THE BLOG
11/04/2012 03:59 pm ET | Updated Jan 23, 2014

Robocalls: Defying Logic By Continuing to Exist

If you own a telephone it's highly likely that you have been bombarded by political robocalls over the past several months. And as the election nears, you may be noticing that you are quite popular, as your robocall frequency increases with each passing day. But it's not the sort of prom queen popularity with ostensibly positive connotations. This type of popularity is more akin to having your own personal stalker.

Robocalls have been around for multiple elections, and they remain as obnoxious and unrelenting as ever. I took a non-scientific poll of a dozen friends and asked them if they received robocalls on a regular basis, and whether they considered them to be any more charming than an infestation of bed bugs.

The results were unanimous: They all receive robocalls, and they all dislike them greatly (a much-censored version of their literal descriptions that included words and phrases such as "hate," "despise," "makes me want to kill someone," "vomitous excrement," and numerous others that would be inappropriate for print). So why do robocalls still exist?

Apart from serving as a United States congressman, there aren't many jobs where you can be entirely ineffective (who actually casts their vote on the basis of information acquired via a robocall?), insufferably irritating with an approval rating of zero (does anyone enjoy receiving a robocall?), sexually harass those around you (robocalls may not be a form of sexual harassment, but you certainly feel violated afterward), and still remain gainfully employed. And yet, the robocall continues doing its job and auto-dials with impunity.

If the robocall were a person, it would be your boss's degenerate son who, despite being inept and feckless, still occupies the corner office and receives an annual salary increase. He drives you mental, but you're absolutely powerless to enact any change. Such sentiments regarding robocalls seem to be universal.

Whenever I receive a robocall my first instinct is to reenact the scene from In Bruges (if you haven't seen it, shame on you) where Ralph Fiennes explodes in an expletive-laden rage and turns his phone into dandelion spores. It's a shame there isn't a data center keeping track of the thousands of phones destroyed each election over robocall rage.

The Undecided Voter

Anyone who decides their vote on account of a robocall should lose all voting privileges and be banished from society. You should be forced to wear a red 'RC' on your forehead as a scarlet letter, so everyone knows you're the guy who essentially took political advice from a telemarketer. Indeed, voting is a sacred bastion of our democracy, but you have to draw the line somewhere, and it starts and ends with gullible robocall listeners.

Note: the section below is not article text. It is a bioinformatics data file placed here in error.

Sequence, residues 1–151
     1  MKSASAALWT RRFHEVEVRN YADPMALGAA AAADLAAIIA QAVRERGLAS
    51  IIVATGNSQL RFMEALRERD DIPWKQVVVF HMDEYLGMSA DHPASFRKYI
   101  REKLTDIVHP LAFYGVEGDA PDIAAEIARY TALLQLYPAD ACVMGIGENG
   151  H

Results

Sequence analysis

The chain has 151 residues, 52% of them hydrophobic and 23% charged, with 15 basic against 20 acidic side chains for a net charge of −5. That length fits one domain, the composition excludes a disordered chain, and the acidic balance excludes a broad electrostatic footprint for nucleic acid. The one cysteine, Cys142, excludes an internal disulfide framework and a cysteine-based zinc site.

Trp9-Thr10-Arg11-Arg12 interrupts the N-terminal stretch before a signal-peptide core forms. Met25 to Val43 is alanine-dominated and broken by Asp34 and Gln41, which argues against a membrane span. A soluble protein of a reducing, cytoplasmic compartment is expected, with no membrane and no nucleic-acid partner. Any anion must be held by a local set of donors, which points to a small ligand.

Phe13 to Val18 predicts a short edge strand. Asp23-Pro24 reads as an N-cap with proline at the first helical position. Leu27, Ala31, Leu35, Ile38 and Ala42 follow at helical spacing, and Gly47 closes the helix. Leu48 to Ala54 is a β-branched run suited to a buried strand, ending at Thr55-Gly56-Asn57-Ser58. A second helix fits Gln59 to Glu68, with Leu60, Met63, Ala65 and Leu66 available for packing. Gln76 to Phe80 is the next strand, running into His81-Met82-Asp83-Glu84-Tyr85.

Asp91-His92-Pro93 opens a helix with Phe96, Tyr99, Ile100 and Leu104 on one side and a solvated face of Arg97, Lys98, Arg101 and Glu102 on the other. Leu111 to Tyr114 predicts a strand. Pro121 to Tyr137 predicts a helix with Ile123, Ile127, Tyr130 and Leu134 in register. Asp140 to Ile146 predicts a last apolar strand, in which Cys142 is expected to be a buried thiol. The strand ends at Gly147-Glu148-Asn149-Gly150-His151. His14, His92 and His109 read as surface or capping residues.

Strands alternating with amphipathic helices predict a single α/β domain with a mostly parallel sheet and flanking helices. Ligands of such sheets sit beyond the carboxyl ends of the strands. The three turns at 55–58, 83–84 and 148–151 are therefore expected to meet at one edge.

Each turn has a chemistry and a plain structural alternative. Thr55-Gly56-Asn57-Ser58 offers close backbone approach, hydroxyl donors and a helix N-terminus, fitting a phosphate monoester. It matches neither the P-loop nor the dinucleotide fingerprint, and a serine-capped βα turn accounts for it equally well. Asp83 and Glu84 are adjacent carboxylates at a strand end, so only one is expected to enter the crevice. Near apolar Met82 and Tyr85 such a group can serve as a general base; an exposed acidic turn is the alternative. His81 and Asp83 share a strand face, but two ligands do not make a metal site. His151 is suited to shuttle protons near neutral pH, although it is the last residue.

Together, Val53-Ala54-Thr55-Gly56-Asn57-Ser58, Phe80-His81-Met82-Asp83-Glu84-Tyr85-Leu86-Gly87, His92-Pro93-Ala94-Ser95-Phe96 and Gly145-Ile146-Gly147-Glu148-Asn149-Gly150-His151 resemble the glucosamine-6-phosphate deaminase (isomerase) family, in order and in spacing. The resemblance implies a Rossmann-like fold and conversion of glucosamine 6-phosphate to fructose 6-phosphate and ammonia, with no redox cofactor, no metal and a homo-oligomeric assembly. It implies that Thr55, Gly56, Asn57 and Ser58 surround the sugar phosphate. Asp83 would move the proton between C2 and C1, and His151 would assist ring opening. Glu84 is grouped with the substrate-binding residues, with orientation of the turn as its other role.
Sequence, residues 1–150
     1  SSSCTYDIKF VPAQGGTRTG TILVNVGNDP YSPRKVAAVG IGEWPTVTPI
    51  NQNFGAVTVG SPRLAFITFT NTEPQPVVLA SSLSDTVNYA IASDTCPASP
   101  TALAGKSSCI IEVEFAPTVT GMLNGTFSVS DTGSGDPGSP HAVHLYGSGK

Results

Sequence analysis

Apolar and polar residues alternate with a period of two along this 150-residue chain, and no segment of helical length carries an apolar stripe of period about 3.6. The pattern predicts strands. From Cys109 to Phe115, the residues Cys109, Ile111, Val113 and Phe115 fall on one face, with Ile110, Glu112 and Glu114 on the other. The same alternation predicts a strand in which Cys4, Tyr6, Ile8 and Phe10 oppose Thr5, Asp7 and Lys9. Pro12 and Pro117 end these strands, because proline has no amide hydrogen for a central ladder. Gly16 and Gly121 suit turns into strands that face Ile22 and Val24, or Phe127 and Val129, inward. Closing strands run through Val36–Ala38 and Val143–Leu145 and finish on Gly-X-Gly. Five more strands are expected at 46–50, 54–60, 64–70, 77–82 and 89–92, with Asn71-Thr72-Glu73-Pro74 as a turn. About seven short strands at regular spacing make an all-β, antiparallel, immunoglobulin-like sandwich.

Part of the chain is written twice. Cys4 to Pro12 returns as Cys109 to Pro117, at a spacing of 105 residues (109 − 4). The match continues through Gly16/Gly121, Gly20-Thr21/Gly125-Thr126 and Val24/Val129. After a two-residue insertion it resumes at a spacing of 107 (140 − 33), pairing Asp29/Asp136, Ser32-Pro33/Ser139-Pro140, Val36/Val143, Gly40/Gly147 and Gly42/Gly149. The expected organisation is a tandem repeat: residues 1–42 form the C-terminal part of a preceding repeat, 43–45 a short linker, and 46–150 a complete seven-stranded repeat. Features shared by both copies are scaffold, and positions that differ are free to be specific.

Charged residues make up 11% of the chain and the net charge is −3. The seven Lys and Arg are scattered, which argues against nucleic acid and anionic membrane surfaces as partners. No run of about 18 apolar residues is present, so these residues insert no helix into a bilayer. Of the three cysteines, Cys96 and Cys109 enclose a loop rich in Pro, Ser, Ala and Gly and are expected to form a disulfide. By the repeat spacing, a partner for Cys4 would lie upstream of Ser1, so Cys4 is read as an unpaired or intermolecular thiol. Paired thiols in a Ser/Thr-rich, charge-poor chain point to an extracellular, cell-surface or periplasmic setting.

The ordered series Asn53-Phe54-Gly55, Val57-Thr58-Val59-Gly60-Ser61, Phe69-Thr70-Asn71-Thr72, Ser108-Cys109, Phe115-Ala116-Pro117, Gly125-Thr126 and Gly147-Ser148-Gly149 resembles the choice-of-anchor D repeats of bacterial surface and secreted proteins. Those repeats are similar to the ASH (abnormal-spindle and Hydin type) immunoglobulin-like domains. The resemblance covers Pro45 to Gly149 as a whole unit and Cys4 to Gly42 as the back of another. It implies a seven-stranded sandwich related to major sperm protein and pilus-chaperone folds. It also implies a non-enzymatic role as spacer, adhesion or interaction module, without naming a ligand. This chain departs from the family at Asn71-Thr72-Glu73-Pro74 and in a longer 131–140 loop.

I can only fathom that the reason someone might decide their vote due to a robocall is because they're under the delusion that Barack Obama or Mitt Romney is actually calling their home for an intimate chat (I actually received a message from Sarah Palin the other day, which was nice, because for awhile there she wasn't returning my calls). Being oblivious to reality must be nice, and I would imagine it's a family affair. "Honey, grab the kids, Mitt's on the line! I'm going to put it on speakerphone. Aw, isn't that nice of him, taking time out of his schedule to call us directly? You've got my vote, governor! Thanks for calling!"

The FTC's Robocall Bounty

The Federal Trade Commission announced last month that they are offering a $50,000 award for the inventor of the best technological solution to thwart illegal robocalls. $50,000? This isn't like winning a scratch-off lottery ticket your grandmother stuck in a birthday card. People who make it to Final Jeopardy walk away with more than that in their pocket, for god's sake. We're talking about a true national hero. He (or she) should get to spend the remainder of his life living like the Sultan of Brunei. This is the sort of invention that is on par with the E-ZPass, and the payout should befit the genius.

Of course, the FTC excludes political robocalls under the definition of an illegal telemarketer, but that can only be because, as incomprehensible as it may seem, nobody at the FTC has received a robocall while sitting down to dinner. As soon as that occurs the FTC will invariably contact the FBI, and political robocalls will suddenly be considered illegal, and as dangerous as the Unabomber.

Unite the Nation

Regardless of which political poll you subscribe to, the presidential election appears to be in a virtual tie. And because our nation is so divided, I will impart my astounding lack of political savvy and submit the following to both candidates: If you're serious about winning this election, it's quite simple...ban robocalls. Put it at the top of your next stump speech:

"Robocalls have been interrupting our family dinners for too long. We're already a very angry people, and robocalls are not simply an issue of logic, but also health and safety. I vow to never again subject you to my pre-recorded voice, and I'll ensure that all candidates, from the local school board to the presidency of the United States, cease and desist forthwith."

Barack, Mitt, are you familiar with the word 'landslide'? Because this is the November surprise that will compensate for the October surprises that died on the table. And as a final gesture of goodwill, you might want to consider taking the remaining funds earmarked for robocalls and buy everyone in America a taco.